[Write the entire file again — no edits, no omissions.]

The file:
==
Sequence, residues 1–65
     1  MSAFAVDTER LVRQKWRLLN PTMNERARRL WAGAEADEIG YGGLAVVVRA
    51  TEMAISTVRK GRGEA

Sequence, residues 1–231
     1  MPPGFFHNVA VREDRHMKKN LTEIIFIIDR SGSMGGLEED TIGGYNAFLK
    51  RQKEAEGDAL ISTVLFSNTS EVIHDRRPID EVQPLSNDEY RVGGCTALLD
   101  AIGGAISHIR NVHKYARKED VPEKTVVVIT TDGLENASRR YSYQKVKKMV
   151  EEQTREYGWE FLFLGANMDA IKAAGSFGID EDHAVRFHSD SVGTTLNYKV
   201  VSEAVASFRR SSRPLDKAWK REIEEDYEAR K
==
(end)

Sequence, residues 1–65
     1  MSAFAVDTER LVRQKWRLLN PTMNERARRL WAGAEADEIG YGGLAVVVRA
    51  TEMAISTVRK GRGEA

Sequence, residues 1–231
     1  MPPGFFHNVA VREDRHMKKN LTEIIFIIDR SGSMGGLEED TIGGYNAFLK
    51  RQKEAEGDAL ISTVLFSNTS EVIHDRRPID EVQPLSNDEY RVGGCTALLD
   101  AIGGAISHIR NVHKYARKED VPEKTVVVIT TDGLENASRR YSYQKVKKMV
   151  EEQTREYGWE FLFLGANMDA IKAAGSFGID EDHAVRFHSD SVGTTLNYKV
   201  VSEAVASFRR SSRPLDKAWK REIEEDYEAR K